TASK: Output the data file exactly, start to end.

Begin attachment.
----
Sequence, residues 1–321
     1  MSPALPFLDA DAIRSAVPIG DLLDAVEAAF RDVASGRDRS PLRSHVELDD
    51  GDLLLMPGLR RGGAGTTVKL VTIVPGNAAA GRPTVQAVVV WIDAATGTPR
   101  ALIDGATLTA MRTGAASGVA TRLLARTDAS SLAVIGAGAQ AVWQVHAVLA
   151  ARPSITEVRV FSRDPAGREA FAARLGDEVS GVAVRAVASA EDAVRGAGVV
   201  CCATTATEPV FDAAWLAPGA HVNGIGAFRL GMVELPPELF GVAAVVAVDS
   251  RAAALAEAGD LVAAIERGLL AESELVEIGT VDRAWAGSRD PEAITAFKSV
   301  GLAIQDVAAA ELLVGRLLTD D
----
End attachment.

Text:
Sequence, residues 1–321
     1  MSPALPFLDA DAIRSAVPIG DLLDAVEAAF RDVASGRDRS PLRSHVELDD
    51  GDLLLMPGLR RGGAGTTVKL VTIVPGNAAA GRPTVQAVVV WIDAATGTPR
   101  ALIDGATLTA MRTGAASGVA TRLLARTDAS SLAVIGAGAQ AVWQVHAVLA
   151  ARPSITEVRV FSRDPAGREA FAARLGDEVS GVAVRAVASA EDAVRGAGVV
   201  CCATTATEPV FDAAWLAPGA HVNGIGAFRL GMVELPPELF GVAAVVAVDS
   251  RAAALAEAGD LVAAIERGLL AESELVEIGT VDRAWAGSRD PEAITAFKSV
   301  GLAIQDVAAA ELLVGRLLTD D